• Design an algorithm to verify whether a string of parentheses is valid.
  • Idea
    • Push each Open onto a stack; Pop an Open for each Close.
    • The string is valid
      • If the stack is empty at the end
    • The string is invalid:
      • If stack is non-empty at the end (i.e when the string is empty) OR
      • If stack is empty before the end (i.e when the string is non-empty)
use of adt stack example2
Use of ADT Stack - Example
  • The parentheses problem does have an alternative solution.
  • Observation:
    • In a valid string count of Opens equals the count of Closes.
      • But )( is an invalid string with equal count of Opens and Closes.
    • In a valid string the count of Opens of any prefix is greater than or equal to the count of Closes.
      • This is is not so for invalid strings.

Sundar B. BITS, Pilani.

use of adt stack example3
Use of ADT Stack - Example
  • Alternative solution:
    • Count the ‘Open’s and the ‘Close’s separately.
      • If at any time, you have more Closes than Opens, then the string is invalid.
      • If at the end the counts match, then the string is valid.
  • So, let us complicate the problem 
    • The string may have parentheses, square brackets, as well as braces, for instance:
      • {[]()((()))}

Sundar B. BITS, Pilani.

use of adt stack example4
Use of ADT Stack - Example
  • New definition of validity:
    • Each Open(t) must have a matching Close(t) where t is one of PAREN, SQUA or BRACE.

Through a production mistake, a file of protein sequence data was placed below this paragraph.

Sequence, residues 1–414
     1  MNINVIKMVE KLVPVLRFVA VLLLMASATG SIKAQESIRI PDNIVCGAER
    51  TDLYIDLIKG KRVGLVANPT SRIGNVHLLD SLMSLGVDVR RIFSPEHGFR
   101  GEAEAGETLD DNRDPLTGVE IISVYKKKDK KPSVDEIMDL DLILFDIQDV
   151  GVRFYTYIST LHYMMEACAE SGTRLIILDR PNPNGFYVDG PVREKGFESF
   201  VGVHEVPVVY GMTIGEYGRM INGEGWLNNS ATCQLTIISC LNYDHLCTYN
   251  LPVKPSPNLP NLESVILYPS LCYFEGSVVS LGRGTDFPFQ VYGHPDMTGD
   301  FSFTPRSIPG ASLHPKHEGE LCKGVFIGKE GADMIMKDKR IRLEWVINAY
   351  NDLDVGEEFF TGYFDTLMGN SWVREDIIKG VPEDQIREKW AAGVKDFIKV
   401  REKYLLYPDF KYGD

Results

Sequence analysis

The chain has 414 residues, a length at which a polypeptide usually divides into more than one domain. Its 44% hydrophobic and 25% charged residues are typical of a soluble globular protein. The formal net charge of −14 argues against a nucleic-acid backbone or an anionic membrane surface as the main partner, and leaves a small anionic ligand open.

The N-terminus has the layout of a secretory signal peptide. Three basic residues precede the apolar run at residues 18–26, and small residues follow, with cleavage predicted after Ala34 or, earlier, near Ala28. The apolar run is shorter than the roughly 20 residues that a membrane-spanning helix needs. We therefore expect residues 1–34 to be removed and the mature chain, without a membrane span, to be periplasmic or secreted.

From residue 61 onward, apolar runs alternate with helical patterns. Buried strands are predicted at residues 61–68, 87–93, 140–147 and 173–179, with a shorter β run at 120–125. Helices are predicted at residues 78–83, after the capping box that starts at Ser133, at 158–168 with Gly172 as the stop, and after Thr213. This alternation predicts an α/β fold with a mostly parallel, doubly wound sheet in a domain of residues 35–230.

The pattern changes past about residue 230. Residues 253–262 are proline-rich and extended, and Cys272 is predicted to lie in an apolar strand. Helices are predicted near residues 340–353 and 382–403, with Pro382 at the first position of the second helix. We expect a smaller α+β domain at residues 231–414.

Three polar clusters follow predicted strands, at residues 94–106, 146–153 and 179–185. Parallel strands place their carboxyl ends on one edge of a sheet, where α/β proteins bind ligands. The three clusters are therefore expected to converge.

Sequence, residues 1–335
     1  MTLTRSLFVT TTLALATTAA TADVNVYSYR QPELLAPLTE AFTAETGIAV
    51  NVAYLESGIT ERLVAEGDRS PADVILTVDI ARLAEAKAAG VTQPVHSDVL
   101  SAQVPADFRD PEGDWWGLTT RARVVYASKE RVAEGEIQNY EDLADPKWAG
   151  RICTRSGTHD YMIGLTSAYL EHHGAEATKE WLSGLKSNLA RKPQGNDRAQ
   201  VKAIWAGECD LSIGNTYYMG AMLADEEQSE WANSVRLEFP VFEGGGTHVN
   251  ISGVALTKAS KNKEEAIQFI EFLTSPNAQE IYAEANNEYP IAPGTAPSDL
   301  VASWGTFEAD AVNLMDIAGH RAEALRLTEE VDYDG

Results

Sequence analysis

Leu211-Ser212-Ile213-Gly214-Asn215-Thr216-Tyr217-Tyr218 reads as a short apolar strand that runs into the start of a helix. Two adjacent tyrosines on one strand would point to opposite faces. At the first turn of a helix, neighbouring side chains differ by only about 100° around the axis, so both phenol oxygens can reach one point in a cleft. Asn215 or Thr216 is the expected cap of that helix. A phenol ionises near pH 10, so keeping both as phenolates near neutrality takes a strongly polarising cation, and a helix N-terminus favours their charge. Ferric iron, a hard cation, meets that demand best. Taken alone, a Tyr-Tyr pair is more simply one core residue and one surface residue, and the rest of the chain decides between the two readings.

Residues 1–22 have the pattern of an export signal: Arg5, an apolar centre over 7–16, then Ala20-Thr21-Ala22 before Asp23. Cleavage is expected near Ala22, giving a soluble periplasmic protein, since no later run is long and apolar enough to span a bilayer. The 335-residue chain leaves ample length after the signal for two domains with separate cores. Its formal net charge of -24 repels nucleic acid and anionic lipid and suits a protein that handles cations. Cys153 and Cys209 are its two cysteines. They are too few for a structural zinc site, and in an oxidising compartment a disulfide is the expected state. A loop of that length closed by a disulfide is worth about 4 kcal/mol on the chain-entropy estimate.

• An Open(t) must appear before the corresponding Close(t)
      • But these two conditions may be not be enough:
      • Is ([)] valid?
    • All ‘Opens’, inside an Open(t) and its corresponding Close(t), must be closed.

Sundar B. BITS, Pilani.

use of adt stack example5
Use of ADT Stack - Example
  • Counting solution will not work for verifying (new) validity of string.
  • But the stack solution works - with a minor change:
    • Push each Open(t) onto stack
    • For each Close(t) pop an Open(t) – i.e. an Open of the same kind.

Sundar B. BITS, Pilani.

use of adt stack example6
Use of ADT Stack - Example

Algorithm Match(charSeq)

// charSeq is a sequence of bracketing characters

// Let stk be a Stack (initially empty).

while (!isEmpty(charSeq)) {

b = nextChar(charSeq);

if (isOpen(b)) { stk = push(b, stk);

} else if (isClose(b)) {

if (isEmpty(stk) || (b.kind == top(stk).kind)) {